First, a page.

Conserve water. That is the call Californians have heard for years. And as the 21st century continues, fresh water will get increasingly precious in many areas of the world.
An Israeli company with its North American office in Rancho Bernardo is taking a technological approach to detecting water underground. It has helped authorities detect and fix pipeline leaks to save resources. Additionally, it can help engineers monitor groundwater that has the potential to destabilize hillsides or manmade earthworks.
The business, formerly known as Utilis, has rebranded as Asterra. It gathers its information using synthetic aperture radar (SAR) images from satellites. Asterra’s patented algorithms can comb through the data and detect the signature of water. The sensing technology is able to find water up to 10 feet deep in the soil. Water pipes are typically 4 feet underground.
During the summer, Asterra received the inaugural Innovation Award from the American Water Works Association. It marked that milestone, as well as its rebranding, with a reception in San Diego.
With its proof-of-concept stage over, “it’s clearly about scaling and expansion,” said James Perry, vice president and general manager with Asterra North America.
The business announced in March that it raised $6 million in venture capital from Beringea, which has offices in London and Detroit. Revenue has been doubling annually and is expected to triple in the coming year to tens of millions of dollars, Perry said.
The local office went from four employees some 18 months ago to 18 employees now. Asterra plans to grow its local office to 26 people by the end of 2022, and is tentatively planning to move to a bigger space in Carmel Valley.
Since 2018, Perry said, the business has been involved in 400 projects around the world, and has verified more than 38,000 leaks.
“It’s pretty staggering, the amount of water we’ve recovered,” Perry said.
Agencies also use the technology to find sewer pipe failures.
San Diego authorities have used Asterra’s technology to detect leaks. The business recently signed a five-year deal with the East Bay Municipal Utility District in Northern California, worth approximately $750,000.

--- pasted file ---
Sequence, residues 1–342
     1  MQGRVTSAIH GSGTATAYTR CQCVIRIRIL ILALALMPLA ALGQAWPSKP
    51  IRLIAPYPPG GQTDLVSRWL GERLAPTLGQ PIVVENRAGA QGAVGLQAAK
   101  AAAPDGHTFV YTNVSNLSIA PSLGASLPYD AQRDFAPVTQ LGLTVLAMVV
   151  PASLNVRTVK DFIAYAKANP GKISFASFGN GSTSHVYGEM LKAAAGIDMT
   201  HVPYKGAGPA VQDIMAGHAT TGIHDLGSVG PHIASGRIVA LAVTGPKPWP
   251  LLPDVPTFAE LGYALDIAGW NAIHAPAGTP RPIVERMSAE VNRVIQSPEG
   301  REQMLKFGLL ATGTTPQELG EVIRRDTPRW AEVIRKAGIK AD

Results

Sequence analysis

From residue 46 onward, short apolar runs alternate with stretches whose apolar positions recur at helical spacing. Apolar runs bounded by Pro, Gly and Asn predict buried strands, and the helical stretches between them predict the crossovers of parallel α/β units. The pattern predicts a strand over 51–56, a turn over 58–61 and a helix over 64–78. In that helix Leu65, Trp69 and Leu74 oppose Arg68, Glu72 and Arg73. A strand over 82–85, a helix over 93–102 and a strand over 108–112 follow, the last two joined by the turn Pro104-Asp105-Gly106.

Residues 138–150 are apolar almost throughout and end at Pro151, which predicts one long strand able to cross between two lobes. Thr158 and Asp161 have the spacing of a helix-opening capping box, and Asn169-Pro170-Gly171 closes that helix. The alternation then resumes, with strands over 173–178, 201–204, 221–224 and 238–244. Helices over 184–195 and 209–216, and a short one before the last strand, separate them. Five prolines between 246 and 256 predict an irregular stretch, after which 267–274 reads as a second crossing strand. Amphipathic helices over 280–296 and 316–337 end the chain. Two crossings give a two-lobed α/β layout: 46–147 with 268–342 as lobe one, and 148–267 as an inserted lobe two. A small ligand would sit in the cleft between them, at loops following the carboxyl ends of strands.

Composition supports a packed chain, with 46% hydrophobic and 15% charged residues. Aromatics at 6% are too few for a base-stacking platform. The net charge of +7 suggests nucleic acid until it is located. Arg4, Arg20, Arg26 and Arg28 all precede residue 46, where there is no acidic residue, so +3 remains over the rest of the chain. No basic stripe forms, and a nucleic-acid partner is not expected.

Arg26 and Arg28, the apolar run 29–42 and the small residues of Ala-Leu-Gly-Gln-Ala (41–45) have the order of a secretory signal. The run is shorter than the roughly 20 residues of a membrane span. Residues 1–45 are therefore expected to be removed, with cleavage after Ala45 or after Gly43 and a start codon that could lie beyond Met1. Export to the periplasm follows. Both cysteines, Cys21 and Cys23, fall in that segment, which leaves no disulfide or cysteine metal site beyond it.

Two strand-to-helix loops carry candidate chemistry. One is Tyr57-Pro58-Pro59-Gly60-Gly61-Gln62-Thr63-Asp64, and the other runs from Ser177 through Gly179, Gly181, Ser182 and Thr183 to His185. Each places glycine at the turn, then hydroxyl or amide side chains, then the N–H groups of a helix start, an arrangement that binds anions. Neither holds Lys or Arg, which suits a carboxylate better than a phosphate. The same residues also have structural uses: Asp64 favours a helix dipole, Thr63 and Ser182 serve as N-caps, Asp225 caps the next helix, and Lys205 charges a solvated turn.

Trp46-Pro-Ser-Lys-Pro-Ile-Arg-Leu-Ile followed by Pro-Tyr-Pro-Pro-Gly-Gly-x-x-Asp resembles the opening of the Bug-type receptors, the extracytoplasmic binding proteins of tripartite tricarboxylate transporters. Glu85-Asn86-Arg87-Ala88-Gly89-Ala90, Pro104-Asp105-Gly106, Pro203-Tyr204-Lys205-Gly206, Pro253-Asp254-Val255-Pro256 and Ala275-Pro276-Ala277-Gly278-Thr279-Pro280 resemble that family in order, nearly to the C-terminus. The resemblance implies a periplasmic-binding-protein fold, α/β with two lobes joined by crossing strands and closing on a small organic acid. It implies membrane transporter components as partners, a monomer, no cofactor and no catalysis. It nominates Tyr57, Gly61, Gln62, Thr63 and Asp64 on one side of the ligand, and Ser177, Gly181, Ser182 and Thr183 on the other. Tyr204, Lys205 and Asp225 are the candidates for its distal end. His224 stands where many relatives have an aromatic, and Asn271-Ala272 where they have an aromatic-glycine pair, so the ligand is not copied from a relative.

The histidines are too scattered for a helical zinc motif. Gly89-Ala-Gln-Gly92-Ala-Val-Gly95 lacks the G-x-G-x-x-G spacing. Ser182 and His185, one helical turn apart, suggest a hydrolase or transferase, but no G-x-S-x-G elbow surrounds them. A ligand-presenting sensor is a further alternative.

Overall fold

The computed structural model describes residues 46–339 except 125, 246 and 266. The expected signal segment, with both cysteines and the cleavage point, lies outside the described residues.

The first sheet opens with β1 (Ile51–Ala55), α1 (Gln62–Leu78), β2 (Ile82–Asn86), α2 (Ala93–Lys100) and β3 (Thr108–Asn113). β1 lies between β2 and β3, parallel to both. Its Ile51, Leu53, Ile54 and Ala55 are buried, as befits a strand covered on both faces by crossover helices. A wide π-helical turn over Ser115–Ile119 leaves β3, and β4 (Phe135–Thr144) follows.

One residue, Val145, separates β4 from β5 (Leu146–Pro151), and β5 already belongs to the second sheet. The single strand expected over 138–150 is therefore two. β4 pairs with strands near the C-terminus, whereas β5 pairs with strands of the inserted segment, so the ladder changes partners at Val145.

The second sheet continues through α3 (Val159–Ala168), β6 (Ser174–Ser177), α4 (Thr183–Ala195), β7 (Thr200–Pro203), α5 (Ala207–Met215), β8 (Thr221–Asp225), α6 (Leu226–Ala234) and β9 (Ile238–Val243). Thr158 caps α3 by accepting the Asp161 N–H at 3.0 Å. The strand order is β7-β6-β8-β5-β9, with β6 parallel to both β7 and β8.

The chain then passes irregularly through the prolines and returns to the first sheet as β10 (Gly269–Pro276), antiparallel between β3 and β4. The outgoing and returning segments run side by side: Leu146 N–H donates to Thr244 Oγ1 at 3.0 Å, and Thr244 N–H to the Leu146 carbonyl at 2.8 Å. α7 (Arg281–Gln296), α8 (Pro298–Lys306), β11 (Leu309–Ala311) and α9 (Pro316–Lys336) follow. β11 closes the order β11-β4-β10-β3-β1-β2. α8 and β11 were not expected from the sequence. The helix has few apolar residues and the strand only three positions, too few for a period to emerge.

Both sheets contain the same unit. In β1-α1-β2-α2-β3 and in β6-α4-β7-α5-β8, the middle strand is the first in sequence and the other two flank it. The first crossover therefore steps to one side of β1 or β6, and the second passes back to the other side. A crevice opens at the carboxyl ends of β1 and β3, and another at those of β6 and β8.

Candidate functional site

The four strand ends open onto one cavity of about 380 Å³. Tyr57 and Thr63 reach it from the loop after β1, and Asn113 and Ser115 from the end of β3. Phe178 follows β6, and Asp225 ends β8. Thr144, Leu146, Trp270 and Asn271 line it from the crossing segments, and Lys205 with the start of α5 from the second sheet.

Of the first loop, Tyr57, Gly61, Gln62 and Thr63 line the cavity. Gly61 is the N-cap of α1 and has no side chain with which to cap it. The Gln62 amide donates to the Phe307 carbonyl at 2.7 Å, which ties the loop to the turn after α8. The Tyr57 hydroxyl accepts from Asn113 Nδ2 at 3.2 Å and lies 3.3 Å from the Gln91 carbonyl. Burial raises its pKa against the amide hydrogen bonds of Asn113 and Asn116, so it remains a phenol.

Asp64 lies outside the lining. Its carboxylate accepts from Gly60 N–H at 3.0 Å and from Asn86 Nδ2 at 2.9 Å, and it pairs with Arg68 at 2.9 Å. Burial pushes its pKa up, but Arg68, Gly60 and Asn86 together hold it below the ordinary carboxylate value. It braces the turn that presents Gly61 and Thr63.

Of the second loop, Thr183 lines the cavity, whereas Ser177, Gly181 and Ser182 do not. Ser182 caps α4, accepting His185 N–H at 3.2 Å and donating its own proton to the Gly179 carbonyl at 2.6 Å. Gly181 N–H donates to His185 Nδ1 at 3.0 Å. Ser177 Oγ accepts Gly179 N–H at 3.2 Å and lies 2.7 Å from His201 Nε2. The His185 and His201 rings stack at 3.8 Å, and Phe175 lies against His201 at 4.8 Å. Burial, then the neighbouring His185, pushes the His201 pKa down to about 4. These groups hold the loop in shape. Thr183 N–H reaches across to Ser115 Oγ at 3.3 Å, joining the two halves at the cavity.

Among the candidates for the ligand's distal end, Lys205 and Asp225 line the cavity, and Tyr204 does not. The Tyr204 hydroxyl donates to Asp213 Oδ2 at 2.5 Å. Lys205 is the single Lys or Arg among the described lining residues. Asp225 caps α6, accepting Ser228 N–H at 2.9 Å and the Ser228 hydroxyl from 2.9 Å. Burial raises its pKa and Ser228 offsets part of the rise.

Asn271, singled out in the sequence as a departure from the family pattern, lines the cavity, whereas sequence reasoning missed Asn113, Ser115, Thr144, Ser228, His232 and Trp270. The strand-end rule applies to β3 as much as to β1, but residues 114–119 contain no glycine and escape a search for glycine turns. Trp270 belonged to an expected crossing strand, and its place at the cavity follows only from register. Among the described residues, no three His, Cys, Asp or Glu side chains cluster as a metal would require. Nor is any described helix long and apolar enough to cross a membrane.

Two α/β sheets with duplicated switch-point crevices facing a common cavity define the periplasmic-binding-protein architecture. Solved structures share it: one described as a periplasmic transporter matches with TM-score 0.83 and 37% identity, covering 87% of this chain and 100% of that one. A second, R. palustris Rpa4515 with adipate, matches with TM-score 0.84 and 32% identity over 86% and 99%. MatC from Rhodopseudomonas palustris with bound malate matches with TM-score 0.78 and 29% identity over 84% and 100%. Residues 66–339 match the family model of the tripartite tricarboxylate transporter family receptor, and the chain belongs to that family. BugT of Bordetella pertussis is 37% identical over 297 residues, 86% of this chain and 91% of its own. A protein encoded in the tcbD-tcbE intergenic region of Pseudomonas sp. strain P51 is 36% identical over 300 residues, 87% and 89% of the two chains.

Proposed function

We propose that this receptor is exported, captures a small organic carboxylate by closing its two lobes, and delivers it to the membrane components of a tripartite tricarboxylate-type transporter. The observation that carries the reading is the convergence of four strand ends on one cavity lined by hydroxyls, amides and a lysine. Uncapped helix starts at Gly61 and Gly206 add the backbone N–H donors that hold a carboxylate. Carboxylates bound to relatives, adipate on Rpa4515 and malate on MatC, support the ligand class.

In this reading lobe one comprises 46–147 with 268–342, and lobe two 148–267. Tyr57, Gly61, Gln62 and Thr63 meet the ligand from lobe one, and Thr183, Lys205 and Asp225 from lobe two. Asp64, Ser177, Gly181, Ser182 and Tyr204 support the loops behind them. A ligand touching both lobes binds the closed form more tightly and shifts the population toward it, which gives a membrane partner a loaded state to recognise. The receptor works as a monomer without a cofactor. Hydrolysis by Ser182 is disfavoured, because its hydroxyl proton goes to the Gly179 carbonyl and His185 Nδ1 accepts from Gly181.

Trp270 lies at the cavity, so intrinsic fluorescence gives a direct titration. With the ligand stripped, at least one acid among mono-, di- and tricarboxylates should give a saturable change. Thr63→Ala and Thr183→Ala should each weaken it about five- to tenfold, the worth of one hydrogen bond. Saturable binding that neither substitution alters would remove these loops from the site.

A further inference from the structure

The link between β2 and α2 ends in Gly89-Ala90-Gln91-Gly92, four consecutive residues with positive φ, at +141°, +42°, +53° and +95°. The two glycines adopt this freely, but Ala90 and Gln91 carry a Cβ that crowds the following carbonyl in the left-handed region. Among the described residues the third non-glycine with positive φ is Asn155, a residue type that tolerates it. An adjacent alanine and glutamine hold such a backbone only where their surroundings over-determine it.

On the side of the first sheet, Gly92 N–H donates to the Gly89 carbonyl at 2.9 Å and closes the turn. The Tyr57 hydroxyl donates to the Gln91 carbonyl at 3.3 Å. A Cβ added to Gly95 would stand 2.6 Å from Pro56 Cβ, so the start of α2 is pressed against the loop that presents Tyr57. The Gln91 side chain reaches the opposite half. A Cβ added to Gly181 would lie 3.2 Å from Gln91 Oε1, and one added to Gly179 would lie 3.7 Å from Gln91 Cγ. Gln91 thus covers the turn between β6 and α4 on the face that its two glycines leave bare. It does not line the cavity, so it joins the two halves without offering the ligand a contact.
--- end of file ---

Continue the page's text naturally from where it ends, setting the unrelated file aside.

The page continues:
In California, water loss is not just a water resources issue, but a greenhouse gas issue. With its arid climate and demand from large populations as well as agribusiness, California has hundreds of miles of aqueducts. Some 20% of all power generated in California goes toward “pushing water.” Perry said.
Keeping Tabs on Earthworks
At this point more than 90% of the company’s work is water leak detection. Asterra is moving into earthworks and civil engineering. One reason behind the recent rebrand, Perry said, was to emphasize that the company can do more than detect leaks.
“You hear about the mudslides on Highway 1 in Big Sur,” said Perry. Authorities often use sensors in the ground to detect the movement of the earth in key areas, particularly around roads, rail corridors, earthen dams and levees. Asterra wants to sell its services to detect the buildup of moisture and how it might affect ground movement.
The business is under contract with Network Rail in Great Britain as well as the Ohio and Georgia departments of transportation to provide such engineering data.
Within three years, Perry said, the company wants to increase its sales to architecture, engineering and construction firms to 80%.
The business uses satellite data from JAXA, the Japanese Aerospace Exploration Agency. Satellite data from other sources, including Argentina, is becoming available.
Asterra’s Rancho Bernardo office includes people working in sales, marketing, field engineering, new product development, finance and human resources. R&D; is in Israel.
CEO: Elly Perets
HEADQUARTERS: Tel Aviv, Israel, with U.S. office in Rancho Bernardo
BUSINESS: Service company that uses satellite imagery to find moisture beneath the surface of the earth
EMPLOYEES: 18 in San Diego
NOTABLE: Until recently, the company went by another name, Utilis
CONTACT: (858) 521-9442